Giving top priority to climate-related issues, the Monetary Authority of Singapore (MAS) allocated $1.8 bn for environmental, social, and governance (ESG) investment opportunities. Singapore’s central bank has placed these funds from official foreign reserves under its Green Investments Programme (GIP).
“MAS is integrating climate risks and opportunities into its investment framework,” said Ravi Menon, Managing Director, MAS. He spoke on the critical role of the financial sector in supporting the transition to a less carbon-intensive economy and channeling capital to green technologies and infrastructure.
He added later that this GIP will help to enhance the climate resilience of the official foreign reserves, attract sustainability-focused asset managers to Singapore and catalyze funding towards environmentally sustainable projects in Asia and beyond.
MAS plans to place this fund with five asset managers, who will manage new equity and fixed income mandates focused on climate change and the environment. These asset managers, whose names were not disclosed, plan to launch Asia-Pacific sustainability hubs in Singapore, as well as launch new ESG thematic regional funds. They will focus on generating green finance research and exploring green fintech solutions. These fund houses will also build capabilities in green finance through in-house and external training programs.
MAS aims for climate-resilient portfolio
MAS also published a standalone sustainability report, highlighting its battle plan to lead the energy transition in Asia. Releasing the report, Menon said, “Singapore is firmly committed to doing its part in the global effort to reduce greenhouse gas emissions.” The report is the first of its kind by a central bank in Asia, and the second globally after the Bank of England.
Following the Bank of England and France, the MAS also plans to conduct stress tests on the financial industry by end-2022 under a range of climate change scenarios. In addition, the central authority signaled that it plans to report annually on its efforts to strengthen the climate resiliency of the country’s official reserves. For example, through disclosing the weighted average carbon intensity. The central bank’s equities portfolio has a lower carbon intensity compared with the market benchmarks, Menon noted.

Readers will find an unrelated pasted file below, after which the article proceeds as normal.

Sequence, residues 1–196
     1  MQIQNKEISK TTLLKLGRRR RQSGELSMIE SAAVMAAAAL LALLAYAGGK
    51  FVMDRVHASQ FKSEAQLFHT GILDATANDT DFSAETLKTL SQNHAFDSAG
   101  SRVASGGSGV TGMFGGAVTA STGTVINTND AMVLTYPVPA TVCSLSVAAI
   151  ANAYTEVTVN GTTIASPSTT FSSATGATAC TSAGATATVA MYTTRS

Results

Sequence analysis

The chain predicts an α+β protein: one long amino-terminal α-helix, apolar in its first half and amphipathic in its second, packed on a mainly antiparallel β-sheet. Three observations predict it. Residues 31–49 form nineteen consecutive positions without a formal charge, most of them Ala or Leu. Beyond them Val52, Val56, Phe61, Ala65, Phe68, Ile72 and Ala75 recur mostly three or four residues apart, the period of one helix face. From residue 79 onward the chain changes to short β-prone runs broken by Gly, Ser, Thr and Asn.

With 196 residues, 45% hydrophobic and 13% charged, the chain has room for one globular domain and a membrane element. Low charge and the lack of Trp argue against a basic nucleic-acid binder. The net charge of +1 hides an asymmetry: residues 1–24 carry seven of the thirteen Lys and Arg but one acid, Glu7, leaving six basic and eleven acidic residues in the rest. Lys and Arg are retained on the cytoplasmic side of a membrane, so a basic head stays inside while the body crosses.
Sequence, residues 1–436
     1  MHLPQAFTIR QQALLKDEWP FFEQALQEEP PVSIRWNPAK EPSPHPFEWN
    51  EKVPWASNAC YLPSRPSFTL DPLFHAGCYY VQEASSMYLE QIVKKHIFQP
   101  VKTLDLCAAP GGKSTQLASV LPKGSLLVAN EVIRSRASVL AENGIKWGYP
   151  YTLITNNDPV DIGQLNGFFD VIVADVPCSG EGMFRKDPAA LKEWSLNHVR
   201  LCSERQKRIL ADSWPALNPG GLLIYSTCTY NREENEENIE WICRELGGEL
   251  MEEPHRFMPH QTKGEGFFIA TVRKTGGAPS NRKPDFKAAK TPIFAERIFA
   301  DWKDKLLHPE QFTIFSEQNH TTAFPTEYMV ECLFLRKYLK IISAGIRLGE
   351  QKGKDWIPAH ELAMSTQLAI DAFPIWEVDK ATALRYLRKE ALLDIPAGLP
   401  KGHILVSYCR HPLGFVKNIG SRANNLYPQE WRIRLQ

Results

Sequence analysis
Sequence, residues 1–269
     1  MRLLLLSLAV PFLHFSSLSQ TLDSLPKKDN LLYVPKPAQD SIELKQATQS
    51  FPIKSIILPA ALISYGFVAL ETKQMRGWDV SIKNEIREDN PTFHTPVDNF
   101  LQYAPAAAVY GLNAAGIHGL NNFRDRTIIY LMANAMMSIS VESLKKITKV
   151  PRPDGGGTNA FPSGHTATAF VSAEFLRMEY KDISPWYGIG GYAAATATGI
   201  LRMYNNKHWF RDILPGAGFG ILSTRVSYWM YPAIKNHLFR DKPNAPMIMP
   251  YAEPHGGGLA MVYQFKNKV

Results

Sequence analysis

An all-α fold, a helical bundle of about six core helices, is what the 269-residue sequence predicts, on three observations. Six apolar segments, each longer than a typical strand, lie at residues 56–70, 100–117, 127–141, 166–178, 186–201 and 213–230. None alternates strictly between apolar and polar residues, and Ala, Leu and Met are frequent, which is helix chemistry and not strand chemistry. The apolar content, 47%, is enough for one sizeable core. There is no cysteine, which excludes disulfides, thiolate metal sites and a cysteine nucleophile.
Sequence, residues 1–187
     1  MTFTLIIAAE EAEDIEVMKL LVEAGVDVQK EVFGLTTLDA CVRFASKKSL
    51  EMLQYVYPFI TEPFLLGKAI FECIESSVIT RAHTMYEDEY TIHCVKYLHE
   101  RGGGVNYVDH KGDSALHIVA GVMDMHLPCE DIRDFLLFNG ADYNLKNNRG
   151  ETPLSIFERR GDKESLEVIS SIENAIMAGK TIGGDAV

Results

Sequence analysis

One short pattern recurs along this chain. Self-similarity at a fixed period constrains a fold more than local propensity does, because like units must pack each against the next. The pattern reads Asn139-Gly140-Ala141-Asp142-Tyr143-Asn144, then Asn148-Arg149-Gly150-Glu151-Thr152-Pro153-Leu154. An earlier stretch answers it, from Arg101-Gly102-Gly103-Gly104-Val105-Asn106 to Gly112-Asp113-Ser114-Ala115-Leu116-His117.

Besides creating a climate-resilient reserve portfolio, the authority also aims to strengthen financial institutions’ (FIs) role in supporting the green transition. The central bank has guidelines on environmental risk management for all financial institutions and plans to conduct a review later this year on implementation progress.
The central authority seeks to enhance climate-related financial disclosures by firms and already expects all banks, insurers, and asset managers to make climate-related financial disclosures from June 2022.
Singapore’s resilient ESG push
The recognition of climate change has grown strongly in Singapore over the years. Singapore has been ahead of its Asian peers when it comes to developing a vibrant green-finance ecosystem. Singapore is taking steps to decarbonize its domestic economy through various government incentives that support the development of sustainable finance products and fintech. Singapore’s parliament in 2021 declared climate change a global emergency, sending a clear signal over its commitment to seriously addressing the ESG factors.
MAS as Singapore’s integrated financial regulator has also been building the green bond market for years. Launched in 2017, the Sustainable Bond Grant Scheme has already propelled the issuance of almost $8 mn in ESG bonds in the city-state.
In the annual budget speech earlier this year, Singapore’s government announced a further commitment to issuing green bonds for big infrastructure projects, with $19 bn in public-sector work already identified for financing through green bond issuance. Earlier this year, the city-state also announced the ‘Singapore Green Plan’, charting concrete sectoral plans and targets over the next ten years to advance the national agenda on sustainable development. The plan aims for Singapore to achieve net zero emissions in the long term.